22 June 2010


Aunt Margie's cottage

PJ's Peoria Park District waterfall project

There used to be a rake here and you could blissfully arrange the pebbles.

An easy plan for this morning... Actually, no plan at all. We're up at a decent time and World Cup Soccer is already in progress. CA and Gigi are deeply invested in the action. I compute for a bit and when Gigi leaves for her Birthday Group luncheon at 11:00am, I get in gear and begin my 3-mile walk out Mt. Zion Road and into Cruger Township.

It's a winding road first with beautiful houses on one side and farm fields on the other,and  then fields of oats amber and ready for harvest. Soon the fields are corn and soy beans, and there's the tree-lined Walnut Creek in the background. I walk out to Mt. Zion Cemetery, about 1-1/2 miles and then back. A nice breeze gives respite from the noon-day sun. Still, I'm sweated-through by the time I arrive back at Gigi's cottage.

For the first time ever, I conducted a couple of cell calls during my walk. JL and I caught up on baby Rhys and the ever-effervescent Sophie. JL's been staying at the condo in Chicago since just before Rhys' birth. She's plans to go home early next week--back to her lake house and all the summer fun. TL is flying in from Austin next weekend, and JL's family will gather on Indian Lake for some family time.

Then, on return walk, GJ calls to discuss our plans for Aunt Margie. I encourage her to give herself a break today and I'll go visiting on my own. First, to Dad and his wife and then at 5:00pm to Aunt Margie's. We have  letters to write and envelopes to stuff, and stamps to lick--thank goodness we really don't have to lick either the envelopes or stamps any more as they're self-sealing.

I spend two hours in Peoria with Dad and WJ, talking and looking at photos of my grandchildren and our recent vacation to Virginia. Their dinner hour begins at 3:45pm when they clean up and head downstairs for the dinner que. I believe everyone always takes the same chair at the same table, and the disabled residents are always served first. Still, it's important to show up early and stake your claim (even though each resident calls in their attendance early in the day). They walk me from the elevator and we say our good byes.

It's still an hour before Aunt Margie will be available. Her Home Instead friend, Ronnie, comes on Tuesday afternoons and stays until 5:00pm. I decide to take my book to Bradley Park (scenes from my youthful sledding and picnicking days) to find a shady tree and kill the next hour.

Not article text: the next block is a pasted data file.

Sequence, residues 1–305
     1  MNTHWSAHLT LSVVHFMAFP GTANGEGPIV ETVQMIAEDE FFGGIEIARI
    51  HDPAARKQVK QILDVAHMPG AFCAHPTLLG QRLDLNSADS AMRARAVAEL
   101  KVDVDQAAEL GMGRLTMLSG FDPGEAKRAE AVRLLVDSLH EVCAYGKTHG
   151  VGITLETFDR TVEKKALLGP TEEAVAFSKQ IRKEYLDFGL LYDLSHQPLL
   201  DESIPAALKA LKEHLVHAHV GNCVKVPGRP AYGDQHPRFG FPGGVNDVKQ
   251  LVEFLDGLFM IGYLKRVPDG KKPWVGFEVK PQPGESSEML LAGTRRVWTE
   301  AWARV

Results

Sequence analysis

I enter at Lower Bradly Park and as I'm driving past the waterfall I watched my brother's work crew installing three years ago, I decide to take some photos. There's a Japanese pagoda-like shelter, a Zen garden, and the waterfall that was inspired when PJ's crew unearthed a huge granite stone that had natural ridges running through it. They were inspired to create this water feature. Very lovely.

There's still 30 minutes to kill, and I'm starving but too early for my dinner. I decide to drive to Metro Center to Hanssen's Le Bakery and buy one of their wonderful white cakes. We've ordered these for several family events in the past few years. The first time I experienced their quality was at G+T M's wedding probably seven years ago. Then, in 2005 we had a pre-wedding party for JE and MA in Peoria at Weaver Ridge Country Club and Hanssen's created a cake for each table. Two years ago when Gigi turned 80, we ordered two large sheet cakes for her event. I am never disappointed. Their white cakes are moist and lovely, and I love the buttercream frosting.

Aunt Margie is surprised and pleased to see me, especially when she notices the cake! We each have a generous slice, although I discourage the suggestion of a scoop of ice cream. YUM!

In 2 hours we accomplish more than I expected. We start out slowing, with Aunt Margie wanting to write a note on every pre-printed letter, but after 6 or 8 (there are over 100 to do), I suggest a magic trick. We sort through the stack and divide into two piles--those requiring just a signature and those requiring (?!) a hand-written note. It's painful for Margie to not write a note on every letter, but she bravely plays along. When I've accumulated 5 or 6 in the signature-only pile, we stop and she signs, we stuff, seal, and stamp. Pretty soon she's excited at how fast this is going. Later on she regresses to wanting to write more notes, but before we're done for the day there are 65 or more ready to mail. SUCCESS!

As we're exclaiming over our progress, I say, "We deserve a reward!" And, Margie says, "We do deserve a reward!" Then I remember, "Oh, we've already had our reward--the cake." Aunt Margie exclaims, "I have ice cream!" We laugh and laugh.

It's time to leave. Aunt Margie is tired and I'm hungry and ready to drive back to Eureka. Aunt Margie offers me dinner--one of her stock of Healthy Choice meals--but I've had so little to eat today that I'm not settling for a frozen dinner. She understands.We'll be together again soon.

As I drive through Washington I decide to stop at Monical's. I have a couple of magazines and a book with me, and I never mind eating a meal alone. It's late enough that there won't be too many people in the restaurant to wonder about the sad woman, eating alone, and reading a book.

I order an 8" thin crust pizza with onions, spinach, and sausage, and a garden salad to start off. It all tastes wonderful, and dining alone gives me a chance to unwind and relax.

CA and Gigi are glad to see me. They're watching the College Baseball World Series again, and routing for their favorite of the hour. I'm ready for bed and soon wander away, taking my book for comfort and companionship.

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